According to FireEye, alleged hackers with nation-state China ties have been exploiting vulnerabilities in Pulse Secure VPN to force their way into defense companies, financial institutions, government agencies across the United States and Europe. The scope is believed to be contained to a "very limited number of customers", according to Pulse Secure. Unfortunately, a patch for one of the newly discovered flaws, which is being exploited in the wild, won't be released until early May. There are patches available for the other vulnerabilities that are being exploited.
Determine how many instances of the product they are running
Install updates and submit a report to CISA by 4/23
The attackers reportedly have similar characteristics of Chinese actor APT5, according to FireEye.
Pulse Secure has been a target for of other APTs in the past, including AP29 (a.k.a Cozy Bear), which the FBI warned users about just the other week. And in August of 2020, a hacker published a list of plaintext usernames and passwords, along with IP addresses for more than 900 Pulse Secure VPN enterprise servers, according to ZDNet.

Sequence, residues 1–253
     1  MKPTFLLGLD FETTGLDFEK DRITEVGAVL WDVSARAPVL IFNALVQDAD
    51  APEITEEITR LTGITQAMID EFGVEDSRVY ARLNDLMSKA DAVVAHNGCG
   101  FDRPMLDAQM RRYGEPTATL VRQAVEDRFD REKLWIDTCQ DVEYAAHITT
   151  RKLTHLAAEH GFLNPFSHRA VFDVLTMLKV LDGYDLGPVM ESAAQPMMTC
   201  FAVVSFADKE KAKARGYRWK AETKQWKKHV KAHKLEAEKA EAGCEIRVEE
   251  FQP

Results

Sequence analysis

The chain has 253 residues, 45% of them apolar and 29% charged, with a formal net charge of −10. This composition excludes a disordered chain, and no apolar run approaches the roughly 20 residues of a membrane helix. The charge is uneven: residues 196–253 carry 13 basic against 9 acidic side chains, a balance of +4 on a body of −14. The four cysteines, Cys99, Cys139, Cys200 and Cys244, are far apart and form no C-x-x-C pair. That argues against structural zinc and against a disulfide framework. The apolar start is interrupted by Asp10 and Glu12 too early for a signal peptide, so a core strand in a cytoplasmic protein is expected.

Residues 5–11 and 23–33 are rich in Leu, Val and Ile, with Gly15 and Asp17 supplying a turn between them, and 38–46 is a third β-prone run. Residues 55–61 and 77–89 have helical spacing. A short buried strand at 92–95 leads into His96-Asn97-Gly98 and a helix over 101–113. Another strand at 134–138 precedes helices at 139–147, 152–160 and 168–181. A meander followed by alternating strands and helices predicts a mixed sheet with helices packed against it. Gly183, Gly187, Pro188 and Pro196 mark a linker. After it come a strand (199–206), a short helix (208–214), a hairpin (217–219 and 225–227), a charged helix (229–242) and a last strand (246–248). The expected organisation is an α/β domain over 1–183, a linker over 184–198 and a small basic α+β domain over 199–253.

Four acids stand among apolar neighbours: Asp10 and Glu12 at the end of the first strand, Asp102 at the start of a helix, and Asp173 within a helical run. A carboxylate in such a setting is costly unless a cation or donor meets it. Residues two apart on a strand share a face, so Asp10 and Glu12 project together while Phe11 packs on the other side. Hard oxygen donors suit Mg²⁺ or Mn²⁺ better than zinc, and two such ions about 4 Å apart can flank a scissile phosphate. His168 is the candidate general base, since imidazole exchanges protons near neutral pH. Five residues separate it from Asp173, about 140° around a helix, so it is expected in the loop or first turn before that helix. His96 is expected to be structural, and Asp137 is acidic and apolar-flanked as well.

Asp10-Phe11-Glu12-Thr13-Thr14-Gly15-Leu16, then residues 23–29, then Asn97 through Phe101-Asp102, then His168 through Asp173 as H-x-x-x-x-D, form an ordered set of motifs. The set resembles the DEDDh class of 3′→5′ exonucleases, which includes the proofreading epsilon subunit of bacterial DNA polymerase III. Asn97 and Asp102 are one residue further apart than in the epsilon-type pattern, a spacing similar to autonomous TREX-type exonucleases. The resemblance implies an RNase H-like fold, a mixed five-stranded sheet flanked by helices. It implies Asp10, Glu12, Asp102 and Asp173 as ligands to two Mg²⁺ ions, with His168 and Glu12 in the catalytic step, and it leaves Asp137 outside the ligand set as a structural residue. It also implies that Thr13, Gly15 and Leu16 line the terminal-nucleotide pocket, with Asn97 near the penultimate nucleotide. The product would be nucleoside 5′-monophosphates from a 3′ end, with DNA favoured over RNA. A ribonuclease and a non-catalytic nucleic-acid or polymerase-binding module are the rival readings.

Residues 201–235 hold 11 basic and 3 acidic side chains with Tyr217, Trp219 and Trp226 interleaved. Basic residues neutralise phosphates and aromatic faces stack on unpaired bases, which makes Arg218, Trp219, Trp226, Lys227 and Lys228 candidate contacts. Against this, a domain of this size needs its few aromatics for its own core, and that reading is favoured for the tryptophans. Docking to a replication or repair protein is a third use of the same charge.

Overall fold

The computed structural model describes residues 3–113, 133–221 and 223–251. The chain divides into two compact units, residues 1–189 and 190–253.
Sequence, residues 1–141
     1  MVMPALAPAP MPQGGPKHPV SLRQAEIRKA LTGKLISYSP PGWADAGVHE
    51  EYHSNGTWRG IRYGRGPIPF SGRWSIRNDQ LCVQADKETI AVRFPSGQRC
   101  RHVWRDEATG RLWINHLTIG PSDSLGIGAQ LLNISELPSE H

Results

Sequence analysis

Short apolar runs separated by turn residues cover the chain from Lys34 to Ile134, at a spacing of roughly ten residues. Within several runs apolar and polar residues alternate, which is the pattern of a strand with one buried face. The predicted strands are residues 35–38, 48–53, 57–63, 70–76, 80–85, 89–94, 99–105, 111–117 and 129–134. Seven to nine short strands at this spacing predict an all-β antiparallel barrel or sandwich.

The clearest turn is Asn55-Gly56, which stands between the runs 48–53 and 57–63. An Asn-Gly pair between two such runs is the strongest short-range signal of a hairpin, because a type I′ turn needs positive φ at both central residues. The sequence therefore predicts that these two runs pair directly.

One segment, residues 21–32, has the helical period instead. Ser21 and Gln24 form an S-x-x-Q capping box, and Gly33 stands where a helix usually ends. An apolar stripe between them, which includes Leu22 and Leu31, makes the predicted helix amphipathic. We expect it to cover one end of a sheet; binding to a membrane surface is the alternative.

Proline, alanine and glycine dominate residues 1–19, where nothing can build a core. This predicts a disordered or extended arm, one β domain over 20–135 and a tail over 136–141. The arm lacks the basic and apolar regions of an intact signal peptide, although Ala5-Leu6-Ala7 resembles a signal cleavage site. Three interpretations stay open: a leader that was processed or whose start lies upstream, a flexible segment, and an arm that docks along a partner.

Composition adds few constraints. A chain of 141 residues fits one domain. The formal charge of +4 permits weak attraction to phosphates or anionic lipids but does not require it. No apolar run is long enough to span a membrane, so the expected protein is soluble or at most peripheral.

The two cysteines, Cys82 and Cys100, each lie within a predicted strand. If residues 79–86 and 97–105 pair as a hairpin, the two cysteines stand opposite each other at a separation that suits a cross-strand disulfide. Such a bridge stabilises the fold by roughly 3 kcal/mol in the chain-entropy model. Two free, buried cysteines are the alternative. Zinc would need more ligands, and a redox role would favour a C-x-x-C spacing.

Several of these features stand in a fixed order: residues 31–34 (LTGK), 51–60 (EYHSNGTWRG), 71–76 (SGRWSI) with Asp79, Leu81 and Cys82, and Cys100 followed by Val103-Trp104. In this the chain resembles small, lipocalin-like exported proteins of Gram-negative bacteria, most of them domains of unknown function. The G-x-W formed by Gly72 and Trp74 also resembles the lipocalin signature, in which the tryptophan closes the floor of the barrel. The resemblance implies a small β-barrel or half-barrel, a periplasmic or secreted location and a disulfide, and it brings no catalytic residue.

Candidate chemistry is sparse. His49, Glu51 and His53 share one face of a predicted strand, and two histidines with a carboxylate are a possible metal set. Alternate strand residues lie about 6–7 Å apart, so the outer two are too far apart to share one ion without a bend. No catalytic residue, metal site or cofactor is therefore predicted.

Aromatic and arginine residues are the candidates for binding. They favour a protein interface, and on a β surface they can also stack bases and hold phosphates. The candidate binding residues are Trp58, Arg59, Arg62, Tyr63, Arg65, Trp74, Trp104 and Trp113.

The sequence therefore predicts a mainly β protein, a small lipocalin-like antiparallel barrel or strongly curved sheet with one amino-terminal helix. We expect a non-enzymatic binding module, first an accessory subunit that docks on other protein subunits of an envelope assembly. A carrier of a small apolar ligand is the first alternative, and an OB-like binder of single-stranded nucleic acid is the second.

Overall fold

This story is continuing to develop, but one thing is clear -- VPNs aren't to be trusted. In fact, some security pros believe this is just the beginning of the end for VPNs.
Gary Kinghorn of Tempered Networks says, "The VPN is dead, or should be. It's a gateway to a network that when breached provides extensive access to the rest of the organization. There are better approaches that can eliminate these vulnerabilities that include end-to-end encryption, cryptographically-verified identities of remote users and accessible devices, and shutting down the spread of threats that do penetrate the network perimeter with microsegmentation. It's taking a long time for mainframes to die, so we’ll probably see the same with VPN's."